Money Wellness
Illustration of person standing in from of wallet, calculator, notebooks, pie chart
category iconmanaging your money
calendar icon17 Jun 2024

How to make a monthly budget

Boxes of cereal are a fiver, rent’s gone up again, and energy bills are through the roof. The cost-of-living crisis is hitting hard, and it can feel like you’re fighting a losing battle.

But don’t panic: a little organisation can make a big difference. And the best way to start taking control of your finances is to make a budget.

Add up your income

Start by figuring out how much you have to spend each month. Include your pay, as well as any income from benefits and pensions .

For any amounts you receive weekly, multiply the amount by 52 (the number of weeks in a year), then divide by 12 (the number of months), to get the monthly amount.

Make a list of what you spend

First, add up all your priority bills: that’s utilities, council tax, and rent/mortgage. Also include non-priority bills, like credit cards, unsecured personal loans, buy now pay later, etc.

Next up, regular costs and subscriptions that are usually the same every month. This includes things like car and other insurance, your phone bill, but also entertainment streaming services, and kids’ activities and classes.

Then, consider how much you need for living expenses – food, transport, petrol, clothing, toiletries etc. These can vary slightly month to month, but even if you can’t be totally accurate, realistic estimates will still help you budget. If you’ve got pets, don’t forget their food, litter etc.  

That should leave you with how much you’ve got spare. Decide how much to put aside for treats, gifts and savings.  

Categorise your costs

You can use our online budgeting tool to work out a budget based on your incomes and expenses.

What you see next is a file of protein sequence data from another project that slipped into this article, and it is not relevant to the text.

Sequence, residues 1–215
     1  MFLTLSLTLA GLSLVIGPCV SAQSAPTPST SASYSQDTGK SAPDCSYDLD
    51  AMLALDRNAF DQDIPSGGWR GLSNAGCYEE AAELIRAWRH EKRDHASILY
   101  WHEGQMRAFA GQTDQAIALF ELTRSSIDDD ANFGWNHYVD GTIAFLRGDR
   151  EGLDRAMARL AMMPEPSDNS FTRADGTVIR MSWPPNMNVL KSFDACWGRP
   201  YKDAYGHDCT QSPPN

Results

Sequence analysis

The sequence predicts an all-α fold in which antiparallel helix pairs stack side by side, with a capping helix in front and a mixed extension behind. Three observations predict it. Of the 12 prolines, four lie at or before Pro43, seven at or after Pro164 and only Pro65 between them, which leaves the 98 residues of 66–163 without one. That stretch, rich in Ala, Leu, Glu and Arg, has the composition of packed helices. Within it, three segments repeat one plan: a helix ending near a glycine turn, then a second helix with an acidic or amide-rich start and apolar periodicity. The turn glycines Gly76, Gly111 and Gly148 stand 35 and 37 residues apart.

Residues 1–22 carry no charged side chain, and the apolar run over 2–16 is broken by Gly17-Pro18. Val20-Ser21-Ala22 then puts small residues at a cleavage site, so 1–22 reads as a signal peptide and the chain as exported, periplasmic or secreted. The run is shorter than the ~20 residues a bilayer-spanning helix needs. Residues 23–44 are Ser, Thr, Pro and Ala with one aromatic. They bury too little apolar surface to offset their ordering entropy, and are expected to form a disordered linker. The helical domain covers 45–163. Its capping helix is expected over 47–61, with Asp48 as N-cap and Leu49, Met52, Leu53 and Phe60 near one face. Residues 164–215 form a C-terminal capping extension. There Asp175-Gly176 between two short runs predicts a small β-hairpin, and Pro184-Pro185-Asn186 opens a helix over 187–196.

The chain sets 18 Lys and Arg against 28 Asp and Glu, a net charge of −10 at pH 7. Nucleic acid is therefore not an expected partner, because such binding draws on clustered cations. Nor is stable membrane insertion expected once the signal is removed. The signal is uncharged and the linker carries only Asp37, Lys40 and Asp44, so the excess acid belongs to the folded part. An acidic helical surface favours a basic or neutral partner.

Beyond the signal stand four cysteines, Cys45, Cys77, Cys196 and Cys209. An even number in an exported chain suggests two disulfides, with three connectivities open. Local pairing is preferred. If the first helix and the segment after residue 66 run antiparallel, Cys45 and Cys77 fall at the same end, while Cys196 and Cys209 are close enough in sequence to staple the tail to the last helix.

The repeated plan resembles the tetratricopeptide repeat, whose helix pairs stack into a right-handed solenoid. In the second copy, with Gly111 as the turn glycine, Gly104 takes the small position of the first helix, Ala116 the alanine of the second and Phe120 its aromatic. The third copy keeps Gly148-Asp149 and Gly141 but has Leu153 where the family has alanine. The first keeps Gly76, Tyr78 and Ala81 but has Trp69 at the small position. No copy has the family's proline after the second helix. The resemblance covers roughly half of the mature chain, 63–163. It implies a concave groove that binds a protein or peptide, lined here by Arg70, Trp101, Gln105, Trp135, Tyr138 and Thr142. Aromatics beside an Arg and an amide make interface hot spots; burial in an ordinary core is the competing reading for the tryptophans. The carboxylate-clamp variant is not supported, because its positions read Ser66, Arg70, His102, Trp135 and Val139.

Or you could go about monitoring your spending the old-school way, with a handy excel spreadsheet. It may be easiest to keep receipts throughout the week, so you can keep track of what you’ve spent and update your spreadsheet every weekend.  

Free budgeting apps

If you’re anything like me, you might find it hard to stick to budgets without being able to visualise different types of expenses separately. A budgeting app could be the solution.

There’s a range available, many with free features that allow you to set savings goals and categorise your costs by type so you can make sure you’re sticking to your plan. Some budgeting apps have a built-in debt tracker to help you stay on top of what you owe.

Certain budgeting apps let you link your bank account to update your budget lists every time you pay for something. This can be a great way to track your spending automatically without much effort.

But if you’d prefer the app didn’t access your account, there are plenty that let you budget manually.  

Budgeting banks

If you’re looking for a more direct way to organise your spending, consider opening an account with a bank that offers budgeting features. Think Money, Monzo, and Revolut, for example, let you split your money across different ‘pots’, or ‘pockets’, for different purposes.

With a budgeting bank account, you could add all your utility costs to your ‘bills’ space, and set up different spaces for hobbies, holidays and long-term savings. If you know Christmas is coming up and you need to start putting money aside for presents, put it all in your ‘gifts’ pot.   

Do you need budgeting help?

If you’re feeling overwhelmed and aren’t sure where to start, we can help.  

We can put together a budget to help you stay on top of your costs, talk you through grants you may be eligible for and check whether you’re entitled to any benefits.

All our advice is free and impartial. We can discuss suitable debt solutions and point you in the right direction. We also offer debt solutions - some free and others with a fee.

Find out more on our website, or give us a ring.

Connie Enzler

Connie is a multimedia money-wellness-in-work expert, with a master's in multimedia journalism and over five years' experience as a digital writer and podcast creator. Connie is committed to making debt and personal finance information accessible to all.

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